Calling Vane a puzzle platforming game is a little like saying Salvador Dali painted a clock. Both are true, but neither description hints at the surreal, dreamlike strangeness that lies at the core of the product. In the case of Vane, we have a short and somewhat singular game that appeared on the PC after many months as a PlayStation 4 exclusive. It appears that the additional development time was not spent in fixing some of the issues that plagued the console version.
Vane begins in media res, as a child runs to escape an unexplained cataclysm in progress, a world being torn asunder by a violent storm of some unknown origin. In the next stage, the child transforms into a soaring bird and wordlessly glides above the landscape, gathering other birds and following glints of light that suggest a path. Eventually, the story moves underground and the child gains the ability to move between human and avian forms in order to solve environmental puzzles and progress forward.
Vane is in the… er, vein… of games like Journey, where language and character development are entirely supplanted by atmosphere and dreamlike visuals that are visceral and emotionally compelling. Vane often looks striking, with the bird character’s iridescent wings catching light and levels that are indeed surreal and evocative. Lacking context or traditionally structured story, it is nearly impossible to become emotionally invested in Vane’s shapeshifting lead character. While answers to some of the who/what/when/where/why questions are eventually sort of answered, the experience remains emotionally opaque and difficult to invest in. The moody, synth-driven score is captivating and goes a long way towards establishing whatever emotional beats there are.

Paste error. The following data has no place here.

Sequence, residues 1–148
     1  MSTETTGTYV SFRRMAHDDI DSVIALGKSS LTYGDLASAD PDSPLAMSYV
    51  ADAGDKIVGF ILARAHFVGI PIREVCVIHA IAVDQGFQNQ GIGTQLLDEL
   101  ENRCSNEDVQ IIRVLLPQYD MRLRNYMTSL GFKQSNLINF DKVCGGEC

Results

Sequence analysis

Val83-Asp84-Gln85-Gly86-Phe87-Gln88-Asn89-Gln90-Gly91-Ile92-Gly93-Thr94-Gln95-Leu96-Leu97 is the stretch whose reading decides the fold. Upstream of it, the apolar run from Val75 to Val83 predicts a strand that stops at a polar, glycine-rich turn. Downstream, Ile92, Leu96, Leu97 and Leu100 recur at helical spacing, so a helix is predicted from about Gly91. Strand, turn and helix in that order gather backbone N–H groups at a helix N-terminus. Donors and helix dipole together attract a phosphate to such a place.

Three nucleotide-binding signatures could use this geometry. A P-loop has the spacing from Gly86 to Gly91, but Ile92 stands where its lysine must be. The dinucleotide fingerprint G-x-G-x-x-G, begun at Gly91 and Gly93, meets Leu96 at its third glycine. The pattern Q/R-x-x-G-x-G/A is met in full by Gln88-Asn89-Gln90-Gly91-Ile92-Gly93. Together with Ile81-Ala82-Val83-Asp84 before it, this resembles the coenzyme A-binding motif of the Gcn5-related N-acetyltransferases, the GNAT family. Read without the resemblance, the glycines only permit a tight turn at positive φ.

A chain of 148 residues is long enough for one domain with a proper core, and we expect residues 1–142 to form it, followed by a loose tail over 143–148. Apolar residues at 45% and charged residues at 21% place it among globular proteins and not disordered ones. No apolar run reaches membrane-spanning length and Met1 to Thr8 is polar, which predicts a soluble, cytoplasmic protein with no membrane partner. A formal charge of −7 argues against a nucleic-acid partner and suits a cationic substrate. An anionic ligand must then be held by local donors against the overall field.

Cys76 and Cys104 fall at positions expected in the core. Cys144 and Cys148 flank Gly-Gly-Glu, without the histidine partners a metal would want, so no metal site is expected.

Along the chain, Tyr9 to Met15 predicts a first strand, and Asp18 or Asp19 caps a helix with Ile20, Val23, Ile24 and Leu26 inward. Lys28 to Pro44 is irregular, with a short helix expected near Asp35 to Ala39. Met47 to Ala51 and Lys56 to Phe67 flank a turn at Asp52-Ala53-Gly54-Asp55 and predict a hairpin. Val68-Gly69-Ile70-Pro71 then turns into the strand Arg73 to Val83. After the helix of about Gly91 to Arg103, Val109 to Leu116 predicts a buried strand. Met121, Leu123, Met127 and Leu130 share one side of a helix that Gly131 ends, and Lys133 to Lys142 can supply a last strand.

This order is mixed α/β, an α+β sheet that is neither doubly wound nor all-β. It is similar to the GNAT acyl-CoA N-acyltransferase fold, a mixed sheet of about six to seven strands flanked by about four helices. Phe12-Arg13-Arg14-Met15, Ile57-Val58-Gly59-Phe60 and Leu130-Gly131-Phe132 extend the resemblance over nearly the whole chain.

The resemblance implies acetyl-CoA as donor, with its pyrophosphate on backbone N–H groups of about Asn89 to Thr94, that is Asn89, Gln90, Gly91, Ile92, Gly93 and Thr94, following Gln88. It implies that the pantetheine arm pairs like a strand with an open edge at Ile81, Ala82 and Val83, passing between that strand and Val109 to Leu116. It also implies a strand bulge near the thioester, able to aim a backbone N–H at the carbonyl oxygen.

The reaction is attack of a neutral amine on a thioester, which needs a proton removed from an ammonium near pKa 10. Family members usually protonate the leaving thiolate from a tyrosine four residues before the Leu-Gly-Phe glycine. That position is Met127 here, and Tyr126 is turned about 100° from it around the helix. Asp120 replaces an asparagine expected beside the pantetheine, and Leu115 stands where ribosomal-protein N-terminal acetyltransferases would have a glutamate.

It doesn’t help that, like the earlier console version, controls are still not very precise — either with a mouse/keyboard configuration or gamepad. Flying and landing are reminiscent of a kludgy flight sim and the camera is still a major issue, clipping through scenery and obscuring the action. Walking through the environment as the human child is cumbersome, and the game’s controls can add a chore-like element to solving the progress-linked puzzles. While the console version was plagued by game-stopping bugs, I encountered relatively few hiccups.
Ultimately, it feels like Vane is an aesthetic concept more than a game. Certainly, it has the elements of traditional platforming games — environments to explore, puzzles to solve — but they are unrewarding and sometimes frustrating to experience. Vane’s art direction, music and suggestions of myth and mystery might be enough to carry some players through to the end, but others will be disappointed by Vane’s refusal to tell a coherent, character-driven narrative.